"And hey, let's remember to put a grating or something over the exhaust ports this time."


At a high enough level of generality, almost any two works can be lumped together. But co-writer/director J.J. Abrams is intentionally evoking the beats of A New Hope here. Again, that’s not a bad thing. Episode IV has near-perfect pacing and structure. Using it as a blueprint, whether for a Star Wars sequel or any action-adventure movie, is a canny way to approach a film.

What’s more, these parallels are more than just a rote call-and-response with the prior films. Rey, Finn, Poe, and BB-8 are not carbon copies of their forebears, but are instead distinct characters with unique traits, who nevertheless play familiar roles in the narrative. That’s a difficult balance to strike–emulating the dynamics of a predecessor without simply copying it–but Abrams does it well in Episode VII.

To the point, the greatest success of The Force Awakens is that it establishes the film’s new characters as worthwhile protagonists in their own right, with their own specific relationships and connections to one another, that make the audience want to see their continuing adventures independent of their ties to the Skywalkers, Solos, and Organas of the galaxy.

Rey, like Luke, is a kind-hearted nobody who’s laden with tragedy as she makes her way through the film. But hers is a different kind of a tragedy, steeped in themes of abandonment, of a yearning to belong, and of a sense that while she realizes the hopes that get her through the day are likely false, she’s slowly finding another reason to go on. There’s a greater feeling of isolation around Rey, a sense that she is lost, in contrast to Luke, who had his Aunt and Uncle, and eventually Obi-Wan to guide him. It distinguishes her from the man who may very well be her father, and gives her a distinctive arc.


"I'm a cowboy! On a steel horse I ride!"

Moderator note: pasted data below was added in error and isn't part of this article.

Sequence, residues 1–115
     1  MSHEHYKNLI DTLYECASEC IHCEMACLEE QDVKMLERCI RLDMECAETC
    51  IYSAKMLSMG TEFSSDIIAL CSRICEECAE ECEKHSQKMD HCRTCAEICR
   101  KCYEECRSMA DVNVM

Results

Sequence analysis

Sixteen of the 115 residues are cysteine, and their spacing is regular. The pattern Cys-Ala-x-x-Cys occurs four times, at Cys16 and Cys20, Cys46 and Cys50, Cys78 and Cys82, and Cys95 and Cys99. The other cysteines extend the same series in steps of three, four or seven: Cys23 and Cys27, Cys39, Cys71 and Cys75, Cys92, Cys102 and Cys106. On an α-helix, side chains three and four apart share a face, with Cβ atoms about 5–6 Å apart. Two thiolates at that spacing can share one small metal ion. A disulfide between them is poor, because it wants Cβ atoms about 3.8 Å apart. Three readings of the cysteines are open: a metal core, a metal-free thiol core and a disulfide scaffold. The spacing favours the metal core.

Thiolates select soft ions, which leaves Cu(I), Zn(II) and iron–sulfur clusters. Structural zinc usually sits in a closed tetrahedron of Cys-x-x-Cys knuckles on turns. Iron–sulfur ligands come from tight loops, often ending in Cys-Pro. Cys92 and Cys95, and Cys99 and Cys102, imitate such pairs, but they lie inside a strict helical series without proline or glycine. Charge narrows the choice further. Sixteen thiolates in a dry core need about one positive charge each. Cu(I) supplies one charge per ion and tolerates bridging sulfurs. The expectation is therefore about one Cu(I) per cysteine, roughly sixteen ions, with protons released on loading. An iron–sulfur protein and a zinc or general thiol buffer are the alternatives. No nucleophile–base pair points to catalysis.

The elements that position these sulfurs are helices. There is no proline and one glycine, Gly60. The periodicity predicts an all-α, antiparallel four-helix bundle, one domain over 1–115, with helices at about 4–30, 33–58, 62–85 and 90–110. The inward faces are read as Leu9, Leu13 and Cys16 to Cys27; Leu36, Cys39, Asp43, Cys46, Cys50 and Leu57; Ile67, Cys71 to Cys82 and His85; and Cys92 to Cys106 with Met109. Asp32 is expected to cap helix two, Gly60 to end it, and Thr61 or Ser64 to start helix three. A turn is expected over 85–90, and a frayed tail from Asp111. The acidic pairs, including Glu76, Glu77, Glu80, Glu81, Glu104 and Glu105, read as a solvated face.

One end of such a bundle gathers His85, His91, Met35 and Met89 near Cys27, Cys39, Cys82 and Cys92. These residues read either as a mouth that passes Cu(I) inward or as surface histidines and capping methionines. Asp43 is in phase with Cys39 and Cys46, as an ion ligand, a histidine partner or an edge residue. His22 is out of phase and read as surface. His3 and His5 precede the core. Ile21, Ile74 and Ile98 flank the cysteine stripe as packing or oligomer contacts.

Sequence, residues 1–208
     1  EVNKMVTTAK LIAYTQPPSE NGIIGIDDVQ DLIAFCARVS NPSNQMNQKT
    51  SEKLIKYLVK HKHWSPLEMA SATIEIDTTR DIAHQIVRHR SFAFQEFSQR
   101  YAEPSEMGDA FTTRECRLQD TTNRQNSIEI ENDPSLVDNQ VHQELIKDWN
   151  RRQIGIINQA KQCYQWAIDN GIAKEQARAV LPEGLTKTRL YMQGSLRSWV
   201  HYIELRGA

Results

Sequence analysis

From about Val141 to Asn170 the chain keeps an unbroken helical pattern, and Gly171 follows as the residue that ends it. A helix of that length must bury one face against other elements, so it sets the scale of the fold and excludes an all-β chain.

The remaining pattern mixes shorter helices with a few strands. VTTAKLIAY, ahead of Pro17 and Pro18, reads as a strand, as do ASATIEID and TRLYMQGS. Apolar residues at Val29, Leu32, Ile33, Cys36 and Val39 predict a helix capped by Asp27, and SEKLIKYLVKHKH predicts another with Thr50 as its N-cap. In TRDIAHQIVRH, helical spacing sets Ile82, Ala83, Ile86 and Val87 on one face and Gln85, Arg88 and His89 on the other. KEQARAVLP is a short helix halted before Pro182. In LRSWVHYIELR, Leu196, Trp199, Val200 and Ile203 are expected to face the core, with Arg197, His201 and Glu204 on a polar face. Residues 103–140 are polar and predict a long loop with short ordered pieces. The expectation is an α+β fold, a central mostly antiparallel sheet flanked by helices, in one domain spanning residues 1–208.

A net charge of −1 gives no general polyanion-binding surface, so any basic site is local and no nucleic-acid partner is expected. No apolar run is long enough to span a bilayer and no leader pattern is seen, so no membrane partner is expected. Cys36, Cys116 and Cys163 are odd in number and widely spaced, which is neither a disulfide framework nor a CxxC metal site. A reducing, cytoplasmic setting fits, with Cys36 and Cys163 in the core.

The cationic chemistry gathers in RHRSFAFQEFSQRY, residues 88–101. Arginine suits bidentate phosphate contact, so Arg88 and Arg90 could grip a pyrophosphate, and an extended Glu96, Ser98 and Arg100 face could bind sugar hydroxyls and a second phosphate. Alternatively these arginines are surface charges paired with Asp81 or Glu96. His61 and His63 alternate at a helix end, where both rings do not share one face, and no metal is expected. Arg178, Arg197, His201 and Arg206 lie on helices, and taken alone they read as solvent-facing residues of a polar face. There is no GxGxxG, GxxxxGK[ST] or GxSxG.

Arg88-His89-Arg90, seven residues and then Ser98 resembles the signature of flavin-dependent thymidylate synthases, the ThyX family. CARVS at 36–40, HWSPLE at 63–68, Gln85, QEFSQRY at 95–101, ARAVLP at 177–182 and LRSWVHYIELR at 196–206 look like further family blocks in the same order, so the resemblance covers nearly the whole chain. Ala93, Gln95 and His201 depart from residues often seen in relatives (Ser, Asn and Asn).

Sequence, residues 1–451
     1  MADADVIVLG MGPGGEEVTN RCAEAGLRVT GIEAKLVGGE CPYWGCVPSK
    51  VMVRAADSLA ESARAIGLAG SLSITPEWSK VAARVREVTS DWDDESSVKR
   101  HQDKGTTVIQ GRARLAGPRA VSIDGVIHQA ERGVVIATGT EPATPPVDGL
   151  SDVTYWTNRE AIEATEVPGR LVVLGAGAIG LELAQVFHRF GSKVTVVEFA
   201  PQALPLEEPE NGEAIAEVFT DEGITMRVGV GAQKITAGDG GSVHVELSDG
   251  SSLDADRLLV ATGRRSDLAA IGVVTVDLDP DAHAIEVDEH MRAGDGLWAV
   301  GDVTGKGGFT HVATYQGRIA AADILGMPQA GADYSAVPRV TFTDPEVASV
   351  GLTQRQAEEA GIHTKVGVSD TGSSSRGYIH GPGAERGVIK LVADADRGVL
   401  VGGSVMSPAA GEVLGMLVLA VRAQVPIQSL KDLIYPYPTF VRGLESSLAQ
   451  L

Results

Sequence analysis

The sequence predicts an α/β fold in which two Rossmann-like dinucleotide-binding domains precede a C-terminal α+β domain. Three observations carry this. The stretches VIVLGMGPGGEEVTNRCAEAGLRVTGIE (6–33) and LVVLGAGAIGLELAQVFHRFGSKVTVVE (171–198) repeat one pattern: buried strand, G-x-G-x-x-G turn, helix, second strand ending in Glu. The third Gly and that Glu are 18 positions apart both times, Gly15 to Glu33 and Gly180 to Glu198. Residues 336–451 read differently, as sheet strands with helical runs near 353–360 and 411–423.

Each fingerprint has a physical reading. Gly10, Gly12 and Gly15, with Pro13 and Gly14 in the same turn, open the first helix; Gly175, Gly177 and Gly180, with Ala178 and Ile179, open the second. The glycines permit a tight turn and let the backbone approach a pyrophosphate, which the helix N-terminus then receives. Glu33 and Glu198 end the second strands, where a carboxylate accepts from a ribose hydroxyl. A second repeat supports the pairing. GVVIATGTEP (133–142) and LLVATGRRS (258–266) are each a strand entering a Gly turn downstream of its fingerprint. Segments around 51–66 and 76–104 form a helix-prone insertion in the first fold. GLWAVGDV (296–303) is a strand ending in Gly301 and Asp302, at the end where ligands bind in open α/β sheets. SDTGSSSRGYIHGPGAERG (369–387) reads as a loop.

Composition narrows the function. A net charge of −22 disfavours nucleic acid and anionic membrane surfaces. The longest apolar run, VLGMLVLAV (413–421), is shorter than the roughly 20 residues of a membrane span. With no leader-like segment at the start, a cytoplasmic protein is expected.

Finn, like Han, is sucked into a larger struggle while he’s simply trying to look out for himself. But his reasons for sticking around are different than Han’s, and his personal journey is distinct as well. The Stormtroopers are one of the least-explored aspects of the original films, and putting the spotlight on a soldier who cannot abide the carnage and wanton cruelty shown by the remnants of The Empire is an interesting narrative choice that creates unique, but no less potent stakes, for his eventual commitment to Rey and The Resistance.

And Poe, like Leia, is an established figure among the resistance fighters. But he’s a pilot, not a diplomat, and while his story is the least fleshed out of any of the new trilogy’s main trio, he’s quickly established as a friendly, brave, and amusing presence in the film, with a breezy, jocular bent that belies his steadiness behind the steering column.1

The movie also does a commendable job of establishing these characters in relation to one another. The bond between Rey and Finn is the cornerstone of the film, and beyond the larger plot mechanics that tie their fates together, it’s one of the most successful elements of the movie because there’s a clear rapport between them shown in the pair’s comedic yet revealing interactions. Their initial testiness with each other recalls the snipes and jibes shared between Luke, Han, and Leia in the original series of films, and it makes their eventual bond and devotion to one another, romantic or otherwise, more significant and meaningful.

At the same time, there’s a brotherly vibe between Poe and Finn, with the cocksure pilot coaching the sweaty, seat-of-his-pants former Stormtrooper through dogfights, and embracing him in the prelude to battle. It feels of a piece with similar moments between Han and Luke, who shared the same kind of dynamic, particularly in Episode IV. Even BB-8, whose role in the new film seems the closest to his dome-shaped primogenitor’s, has a unique playfulness to him that makes the little droid endearing with whichever of the main trio he’s following at the moment.


"This is not the time to be playing Rock Paper Scissors."